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Good To Know: Coffee

Myth: It is often suggested that caffeine from food sources such as coffee, tea, or even chocolate causes dehydration and its consumption should be avoided or significantly reduced to maintain fluid balance when playing outdoors.

Fact: An estimated 1.6 billion cups of coffee are consumed worldwide every day, so many  outdoor enthusiasts want to know, once and for all, whether or not drinking coffee contributes to our daily fluid intake requirement, or if it causes low-level chronic dehydration.

A recent study from the University of Birmingham in the UK directly compared the effects of a moderate intake of coffee in caffeine-habituated adults against equal amounts of water across a wide range of hydration markers. The team concluded that caffeine had absolutely no influence on your hydration status. Coffee does not prompt the body to flush out fluid—in fact, moderate coffee consumption (three to six cups per day!) provides similar hydrating qualities to water. Moreover, if you drink coffee regularly, you can develop a tolerance to any of the potential diuretic effects of coffee.

A moderate dose of caffeine may also help improve your performance. Drinking coffee before a workout has been shown to increase oxygen uptake and energy expenditure without increasing your perceived exertion. Not such a bad way to add a little spring to your step when you have been out on the trail all day.

Among everyday coffee drinkers—those of us who routinely enjoy a double espresso or the daily roast over ice each day—the old myth that coffee will lead to dehydration is really just that: a myth. So don’t forgo that cup of Joe before you crawl out of your tent in the morning or wake up early for a long bike-ride because you have no reason to endure the day without that ritualistic bolt of caffeine.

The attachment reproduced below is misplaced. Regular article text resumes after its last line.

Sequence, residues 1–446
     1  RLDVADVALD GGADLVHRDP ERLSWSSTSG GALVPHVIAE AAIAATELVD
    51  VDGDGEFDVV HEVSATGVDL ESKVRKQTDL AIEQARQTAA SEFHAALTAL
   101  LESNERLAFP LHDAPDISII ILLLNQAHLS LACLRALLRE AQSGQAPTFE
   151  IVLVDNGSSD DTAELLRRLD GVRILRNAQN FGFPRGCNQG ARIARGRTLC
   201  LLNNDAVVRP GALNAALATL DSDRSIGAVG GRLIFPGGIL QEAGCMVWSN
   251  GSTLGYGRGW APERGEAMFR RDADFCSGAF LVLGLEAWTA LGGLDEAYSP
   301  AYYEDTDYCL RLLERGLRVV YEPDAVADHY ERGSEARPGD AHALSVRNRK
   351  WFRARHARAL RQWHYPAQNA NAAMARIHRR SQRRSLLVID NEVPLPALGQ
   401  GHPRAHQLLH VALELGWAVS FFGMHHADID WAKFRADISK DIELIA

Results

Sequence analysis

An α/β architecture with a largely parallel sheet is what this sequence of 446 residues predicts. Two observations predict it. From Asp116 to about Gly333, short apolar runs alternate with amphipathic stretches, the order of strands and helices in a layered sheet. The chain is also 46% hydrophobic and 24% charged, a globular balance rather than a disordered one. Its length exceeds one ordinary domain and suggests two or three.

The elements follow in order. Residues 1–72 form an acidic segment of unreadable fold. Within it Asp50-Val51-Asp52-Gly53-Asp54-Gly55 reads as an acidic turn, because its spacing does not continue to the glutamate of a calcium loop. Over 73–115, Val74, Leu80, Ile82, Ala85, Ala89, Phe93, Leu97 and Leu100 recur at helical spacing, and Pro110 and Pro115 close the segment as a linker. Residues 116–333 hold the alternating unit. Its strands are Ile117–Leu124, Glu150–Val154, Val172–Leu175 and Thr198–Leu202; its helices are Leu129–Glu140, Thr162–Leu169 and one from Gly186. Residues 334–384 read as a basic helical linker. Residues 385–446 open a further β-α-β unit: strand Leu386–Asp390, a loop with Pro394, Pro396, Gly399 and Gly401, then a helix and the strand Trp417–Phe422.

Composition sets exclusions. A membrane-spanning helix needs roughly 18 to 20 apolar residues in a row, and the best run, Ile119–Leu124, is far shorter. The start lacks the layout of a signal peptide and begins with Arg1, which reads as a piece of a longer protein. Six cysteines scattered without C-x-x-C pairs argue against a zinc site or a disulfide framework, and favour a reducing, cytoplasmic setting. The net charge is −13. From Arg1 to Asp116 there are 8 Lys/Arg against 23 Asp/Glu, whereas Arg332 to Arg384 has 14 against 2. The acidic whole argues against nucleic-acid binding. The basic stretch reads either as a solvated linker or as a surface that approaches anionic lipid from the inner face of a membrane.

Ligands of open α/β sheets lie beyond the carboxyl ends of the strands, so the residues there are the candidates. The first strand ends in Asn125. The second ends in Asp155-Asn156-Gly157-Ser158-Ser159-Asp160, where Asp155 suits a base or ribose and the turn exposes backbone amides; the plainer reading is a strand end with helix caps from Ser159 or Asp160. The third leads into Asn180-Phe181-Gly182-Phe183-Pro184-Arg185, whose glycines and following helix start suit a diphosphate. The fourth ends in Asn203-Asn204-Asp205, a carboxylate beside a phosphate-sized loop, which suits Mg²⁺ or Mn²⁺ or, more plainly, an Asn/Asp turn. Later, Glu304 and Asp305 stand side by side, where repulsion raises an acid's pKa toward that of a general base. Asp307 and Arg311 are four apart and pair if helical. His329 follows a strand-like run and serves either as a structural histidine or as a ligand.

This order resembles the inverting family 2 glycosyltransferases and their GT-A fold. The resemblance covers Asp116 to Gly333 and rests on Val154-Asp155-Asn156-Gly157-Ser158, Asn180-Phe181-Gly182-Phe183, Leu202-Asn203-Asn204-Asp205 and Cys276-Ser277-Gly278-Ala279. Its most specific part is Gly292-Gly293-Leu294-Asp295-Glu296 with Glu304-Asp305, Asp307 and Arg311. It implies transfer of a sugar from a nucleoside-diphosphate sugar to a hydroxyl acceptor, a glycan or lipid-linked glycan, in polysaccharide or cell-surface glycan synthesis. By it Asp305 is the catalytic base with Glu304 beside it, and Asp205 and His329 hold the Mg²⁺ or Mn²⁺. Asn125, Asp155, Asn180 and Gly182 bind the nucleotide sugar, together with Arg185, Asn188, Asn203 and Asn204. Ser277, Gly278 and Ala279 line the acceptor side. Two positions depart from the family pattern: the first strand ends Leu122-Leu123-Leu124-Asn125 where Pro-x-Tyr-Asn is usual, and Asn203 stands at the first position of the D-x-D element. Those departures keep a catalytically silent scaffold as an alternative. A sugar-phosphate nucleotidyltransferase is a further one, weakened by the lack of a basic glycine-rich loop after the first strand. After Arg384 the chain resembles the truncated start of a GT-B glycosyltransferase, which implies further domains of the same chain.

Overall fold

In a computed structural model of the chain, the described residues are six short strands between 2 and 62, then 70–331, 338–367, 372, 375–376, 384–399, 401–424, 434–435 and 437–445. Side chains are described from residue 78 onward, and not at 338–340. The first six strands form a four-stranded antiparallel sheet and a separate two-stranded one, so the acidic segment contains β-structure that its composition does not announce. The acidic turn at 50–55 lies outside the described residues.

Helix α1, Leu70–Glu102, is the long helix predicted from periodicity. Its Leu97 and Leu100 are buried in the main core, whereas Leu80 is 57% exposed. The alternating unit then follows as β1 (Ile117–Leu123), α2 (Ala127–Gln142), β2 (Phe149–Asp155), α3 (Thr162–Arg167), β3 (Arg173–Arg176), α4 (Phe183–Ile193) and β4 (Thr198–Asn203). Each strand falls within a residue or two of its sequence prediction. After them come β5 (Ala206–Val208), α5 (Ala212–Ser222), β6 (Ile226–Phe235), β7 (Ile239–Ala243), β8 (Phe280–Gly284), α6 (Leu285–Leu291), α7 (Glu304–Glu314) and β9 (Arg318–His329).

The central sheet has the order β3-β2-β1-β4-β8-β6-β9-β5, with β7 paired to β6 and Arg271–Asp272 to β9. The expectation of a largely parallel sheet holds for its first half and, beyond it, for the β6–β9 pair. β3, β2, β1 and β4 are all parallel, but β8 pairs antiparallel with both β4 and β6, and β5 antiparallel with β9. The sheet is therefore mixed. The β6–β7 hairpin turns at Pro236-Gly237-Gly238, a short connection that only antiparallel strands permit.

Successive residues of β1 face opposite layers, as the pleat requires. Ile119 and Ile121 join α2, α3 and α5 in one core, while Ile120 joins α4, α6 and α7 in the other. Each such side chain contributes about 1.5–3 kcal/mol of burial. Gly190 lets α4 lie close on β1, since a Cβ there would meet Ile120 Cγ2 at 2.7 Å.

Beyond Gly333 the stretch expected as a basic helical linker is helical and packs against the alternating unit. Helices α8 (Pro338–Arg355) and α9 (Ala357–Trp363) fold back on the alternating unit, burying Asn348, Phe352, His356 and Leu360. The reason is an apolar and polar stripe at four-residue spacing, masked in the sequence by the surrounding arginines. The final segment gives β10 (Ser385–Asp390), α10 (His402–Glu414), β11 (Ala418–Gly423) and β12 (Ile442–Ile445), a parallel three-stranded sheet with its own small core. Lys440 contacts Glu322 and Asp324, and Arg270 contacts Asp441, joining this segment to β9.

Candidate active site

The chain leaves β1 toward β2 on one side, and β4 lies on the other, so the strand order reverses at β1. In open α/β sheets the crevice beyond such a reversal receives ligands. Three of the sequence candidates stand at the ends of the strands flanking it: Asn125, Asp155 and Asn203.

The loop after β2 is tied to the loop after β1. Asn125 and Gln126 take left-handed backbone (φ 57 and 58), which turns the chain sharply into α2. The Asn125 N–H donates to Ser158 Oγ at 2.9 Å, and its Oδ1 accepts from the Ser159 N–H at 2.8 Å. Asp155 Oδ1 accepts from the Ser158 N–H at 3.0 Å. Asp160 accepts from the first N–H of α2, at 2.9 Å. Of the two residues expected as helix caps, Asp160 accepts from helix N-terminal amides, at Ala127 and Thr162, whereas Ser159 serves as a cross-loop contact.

Just be aware that too much caffeine can lead to jitters and sleep interruptions, so limit coffee or tea consumption to moderate levels when hiking or backpacking if you want to get a good night’s sleep or don’t want to be edgy during the day. And water is still the best remedy for rehydrating after your fluid stores have been depleted.

Has 3 Comments

Comments (3)

  • Maybe I’m just rationalizing my caffeine consumption, but I feel vindicated! I’ve been telling my wife that coffee = water when it comes to hydration, and she wasn’t buying it.

    I’m sending her a link to this post.

    Posted by Jeff Hester on Jun 24, 2014 - Reply
  • I began drinking coffee black, no cream, at age 12 when I would help my dad on weekends with his paper-hanging job. We went to a cafeteria in St. Louis for breakfast and it made me feel so grown up. Now that I am 90 years of age, I still enjoy several cups of coffee the same way with no side effects.

    Posted by William Case on Jul 14, 2014 - Reply
  • Nothing will ever replace that first cup of delicious coffee in the early morning. I also have my espresso machine but I drink it sparingly and usually as a reward for myself during the later day or even early evening. I cannot imagine life without coffee.

    Posted by Jesse James on Sep 14, 2014 - Reply

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